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Texarkana Working to Keep Students Safe

Press Shop | 08.10.2018

TEXARKANA – Everything turned out okay, but Texarkana Schools Superintendent Becky Kesler learned firsthand the importance of putting in place a school safety plan.

In the spring, a student at Texarkana High School reported to the principal an Instagram post in which a fellow student had threatened to shoot up the school.

“We immediately locked down the campus,” Mrs. Kesler said. “The principal called the security director and police, and immediately located the student.

“We had everything taken care of in a matter of 15 minutes.”

School security in the United States took on a renewed urgency in February after a student killed seventeen students and staff at Stoneman Douglas High School in Parkland, Florida.

Within two weeks, Governor Asa Hutchinson had created the Arkansas School Safety Commission, to which he appointed sixteen members with the assignment to fan out across the state, survey schools, interview school staffs, and then report back with recommendations for improving school safety.

“The physical safety of our students is a nonnegotiable responsibility and demands the immediate attention of professionals in education, law enforcement, security, and mental health,” Governor Hutchinson said at the time he released the executive order that created the commission. “This commission will report back to me with a comprehensive assessment of school security and recommendations for shoring up the weaknesses.

“Through research, interviews and school visits, the members of this commission will lead a statewide conversation that will guide us to establish and implement fundamental safeguards to protect Arkansas students from violence.”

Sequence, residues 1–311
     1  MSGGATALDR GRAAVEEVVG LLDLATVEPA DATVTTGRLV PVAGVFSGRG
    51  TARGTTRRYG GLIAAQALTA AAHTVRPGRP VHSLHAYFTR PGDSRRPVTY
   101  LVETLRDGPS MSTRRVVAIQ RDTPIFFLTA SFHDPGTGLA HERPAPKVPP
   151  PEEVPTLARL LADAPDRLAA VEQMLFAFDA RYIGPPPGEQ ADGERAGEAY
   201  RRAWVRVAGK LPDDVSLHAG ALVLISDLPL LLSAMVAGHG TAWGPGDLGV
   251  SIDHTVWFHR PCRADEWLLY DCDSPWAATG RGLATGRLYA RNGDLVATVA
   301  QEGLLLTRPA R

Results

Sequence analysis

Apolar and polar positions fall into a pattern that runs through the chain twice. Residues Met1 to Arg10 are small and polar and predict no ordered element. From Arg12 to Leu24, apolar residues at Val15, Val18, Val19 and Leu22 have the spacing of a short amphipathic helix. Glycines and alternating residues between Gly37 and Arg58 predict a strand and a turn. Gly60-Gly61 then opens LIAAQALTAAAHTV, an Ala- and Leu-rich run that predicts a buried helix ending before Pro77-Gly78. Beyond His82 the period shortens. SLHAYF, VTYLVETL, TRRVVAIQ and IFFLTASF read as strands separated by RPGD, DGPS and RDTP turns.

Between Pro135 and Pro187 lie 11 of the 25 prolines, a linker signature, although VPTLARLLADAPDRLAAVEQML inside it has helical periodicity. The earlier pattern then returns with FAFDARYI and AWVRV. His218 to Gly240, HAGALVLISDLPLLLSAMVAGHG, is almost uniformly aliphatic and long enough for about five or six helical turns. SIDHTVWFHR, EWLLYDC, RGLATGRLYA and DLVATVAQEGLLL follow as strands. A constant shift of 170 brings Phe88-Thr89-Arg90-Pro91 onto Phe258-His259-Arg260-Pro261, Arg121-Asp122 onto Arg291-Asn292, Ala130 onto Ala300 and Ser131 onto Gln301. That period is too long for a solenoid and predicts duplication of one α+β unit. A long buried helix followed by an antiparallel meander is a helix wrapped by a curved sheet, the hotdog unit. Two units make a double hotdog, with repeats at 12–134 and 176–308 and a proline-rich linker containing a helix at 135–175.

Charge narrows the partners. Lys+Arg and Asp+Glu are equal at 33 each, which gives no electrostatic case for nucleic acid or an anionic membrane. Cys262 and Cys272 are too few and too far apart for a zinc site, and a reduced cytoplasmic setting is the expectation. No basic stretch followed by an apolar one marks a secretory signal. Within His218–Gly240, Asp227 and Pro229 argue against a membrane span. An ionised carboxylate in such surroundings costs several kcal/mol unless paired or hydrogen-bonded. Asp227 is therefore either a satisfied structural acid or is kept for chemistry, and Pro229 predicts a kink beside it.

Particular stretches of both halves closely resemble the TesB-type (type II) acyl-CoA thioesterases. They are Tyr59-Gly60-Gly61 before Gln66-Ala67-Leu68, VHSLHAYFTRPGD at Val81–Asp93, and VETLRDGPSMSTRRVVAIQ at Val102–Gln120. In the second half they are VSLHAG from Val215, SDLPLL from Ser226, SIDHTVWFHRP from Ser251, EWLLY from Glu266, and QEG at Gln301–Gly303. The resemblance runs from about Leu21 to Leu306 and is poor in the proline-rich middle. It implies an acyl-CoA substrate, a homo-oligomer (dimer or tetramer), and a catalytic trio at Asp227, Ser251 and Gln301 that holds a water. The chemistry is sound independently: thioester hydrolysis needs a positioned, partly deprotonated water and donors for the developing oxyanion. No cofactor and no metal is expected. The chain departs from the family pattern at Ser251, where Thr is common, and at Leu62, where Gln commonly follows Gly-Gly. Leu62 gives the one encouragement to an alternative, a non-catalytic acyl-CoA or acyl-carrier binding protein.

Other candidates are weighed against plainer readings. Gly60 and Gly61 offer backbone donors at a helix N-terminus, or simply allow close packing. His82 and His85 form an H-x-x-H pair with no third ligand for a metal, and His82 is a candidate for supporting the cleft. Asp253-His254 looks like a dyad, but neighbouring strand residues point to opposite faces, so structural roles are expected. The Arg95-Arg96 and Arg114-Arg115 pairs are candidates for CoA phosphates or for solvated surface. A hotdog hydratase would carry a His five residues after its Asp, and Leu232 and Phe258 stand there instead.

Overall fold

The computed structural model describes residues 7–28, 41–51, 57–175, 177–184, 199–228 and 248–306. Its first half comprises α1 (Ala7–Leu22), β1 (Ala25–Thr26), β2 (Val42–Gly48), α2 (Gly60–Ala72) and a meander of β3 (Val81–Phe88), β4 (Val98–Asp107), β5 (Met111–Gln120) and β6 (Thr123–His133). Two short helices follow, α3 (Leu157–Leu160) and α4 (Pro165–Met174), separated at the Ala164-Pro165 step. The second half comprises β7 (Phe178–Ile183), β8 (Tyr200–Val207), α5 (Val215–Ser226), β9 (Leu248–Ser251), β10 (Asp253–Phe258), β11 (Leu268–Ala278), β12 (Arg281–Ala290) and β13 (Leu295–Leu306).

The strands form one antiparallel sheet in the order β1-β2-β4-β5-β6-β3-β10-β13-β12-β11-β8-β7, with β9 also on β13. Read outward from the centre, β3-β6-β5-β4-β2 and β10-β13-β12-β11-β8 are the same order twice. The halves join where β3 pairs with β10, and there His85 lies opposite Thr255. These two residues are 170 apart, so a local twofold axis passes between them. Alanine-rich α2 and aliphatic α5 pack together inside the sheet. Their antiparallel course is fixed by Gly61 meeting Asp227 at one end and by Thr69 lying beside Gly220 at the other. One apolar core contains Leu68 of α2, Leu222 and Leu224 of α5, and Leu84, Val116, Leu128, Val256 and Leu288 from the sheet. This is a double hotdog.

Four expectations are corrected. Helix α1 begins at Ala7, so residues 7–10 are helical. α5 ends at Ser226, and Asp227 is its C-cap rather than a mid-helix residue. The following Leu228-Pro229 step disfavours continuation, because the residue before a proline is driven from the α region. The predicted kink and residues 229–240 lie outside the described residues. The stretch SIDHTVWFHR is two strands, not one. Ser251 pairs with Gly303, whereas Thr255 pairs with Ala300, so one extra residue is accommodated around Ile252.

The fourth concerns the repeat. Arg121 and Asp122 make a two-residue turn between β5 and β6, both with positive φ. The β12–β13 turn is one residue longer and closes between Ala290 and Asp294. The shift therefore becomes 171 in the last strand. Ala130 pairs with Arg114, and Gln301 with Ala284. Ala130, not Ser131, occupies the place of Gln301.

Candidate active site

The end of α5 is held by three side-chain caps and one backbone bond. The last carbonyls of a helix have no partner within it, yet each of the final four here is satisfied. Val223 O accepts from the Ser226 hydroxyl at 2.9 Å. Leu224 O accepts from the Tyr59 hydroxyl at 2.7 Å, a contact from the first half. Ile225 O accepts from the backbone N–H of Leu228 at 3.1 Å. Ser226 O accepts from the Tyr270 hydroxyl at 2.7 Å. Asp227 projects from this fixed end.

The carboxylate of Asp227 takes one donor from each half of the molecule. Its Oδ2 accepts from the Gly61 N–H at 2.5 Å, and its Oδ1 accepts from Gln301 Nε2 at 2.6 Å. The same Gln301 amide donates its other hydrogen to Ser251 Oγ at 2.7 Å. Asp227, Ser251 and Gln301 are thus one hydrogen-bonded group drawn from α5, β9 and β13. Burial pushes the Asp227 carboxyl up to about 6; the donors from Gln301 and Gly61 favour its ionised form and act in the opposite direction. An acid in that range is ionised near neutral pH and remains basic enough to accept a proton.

The Commission presented its preliminary report to the governor the first week of July. On July 13 in Texarkana, the governor presided over a school-safety round-table discussion that included teachers, school counselors, mental health counselors, school resource officers, police officers, and the Miller County sheriff and a deputy. 

Many of the thirty people who participated had read the commission’s report. The meeting was helpful and reassuring, Mrs. Kesler said.

“We felt like we already had done some of the things in the report,” Mrs. Kesler said. “But it also opened our eyes to some things. We needed to make some changes.”

One of the immediate needs was to create a district-wide security committee and to appoint a security coordinator on each of the nine campuses. Mrs. Kesler hopes to have all that in place by the time school starts in August.

Another of the recommendations in the report that the district plans to implement is a telephone line so that students can report anonymously threats or suspicious behavior.

Although the school didn’t have the benefit of the report when the student threatened violence back in the spring, the plans it did have in in place allowed school officials to resolve the situation without incident.

“The principal was able to get to the bottom of the threat very quickly,” Mrs. Kesler said. “We got the student in to get him some help.”

The district already had implemented an alert system that notifies parents by telephone of emergencies at the schools, but parents knew about it minutes before the school computer called.

“As soon as we locked down the campus, the students knew something was happening,” Mrs. Kesler said. “Word travels so fast. There were rumors. Kids were calling parents. Parents were calling and asking. Social media makes all the difference.”

CLICK HERE to view more photos of Texarkana's School Safety Roundtable.

 Next up on 250: Governor Hutchinson’s longtime friend, Attorney General Jeff Sessions, leads a school-safety roundtable at Lake Hamilton High School in Pearcy.

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